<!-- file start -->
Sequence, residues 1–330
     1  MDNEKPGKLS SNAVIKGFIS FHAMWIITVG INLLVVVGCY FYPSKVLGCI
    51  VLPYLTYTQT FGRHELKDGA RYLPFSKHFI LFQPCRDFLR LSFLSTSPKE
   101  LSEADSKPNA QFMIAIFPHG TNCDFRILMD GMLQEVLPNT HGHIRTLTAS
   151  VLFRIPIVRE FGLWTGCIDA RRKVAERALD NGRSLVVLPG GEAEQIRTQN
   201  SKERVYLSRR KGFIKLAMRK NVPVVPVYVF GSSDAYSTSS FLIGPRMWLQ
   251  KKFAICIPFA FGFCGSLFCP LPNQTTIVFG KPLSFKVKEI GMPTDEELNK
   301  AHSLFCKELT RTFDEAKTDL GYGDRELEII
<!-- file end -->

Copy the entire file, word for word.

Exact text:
Sequence, residues 1–330
     1  MDNEKPGKLS SNAVIKGFIS FHAMWIITVG INLLVVVGCY FYPSKVLGCI
    51  VLPYLTYTQT FGRHELKDGA RYLPFSKHFI LFQPCRDFLR LSFLSTSPKE
   101  LSEADSKPNA QFMIAIFPHG TNCDFRILMD GMLQEVLPNT HGHIRTLTAS
   151  VLFRIPIVRE FGLWTGCIDA RRKVAERALD NGRSLVVLPG GEAEQIRTQN
   201  SKERVYLSRR KGFIKLAMRK NVPVVPVYVF GSSDAYSTSS FLIGPRMWLQ
   251  KKFAICIPFA FGFCGSLFCP LPNQTTIVFG KPLSFKVKEI GMPTDEELNK
   301  AHSLFCKELT RTFDEAKTDL GYGDRELEII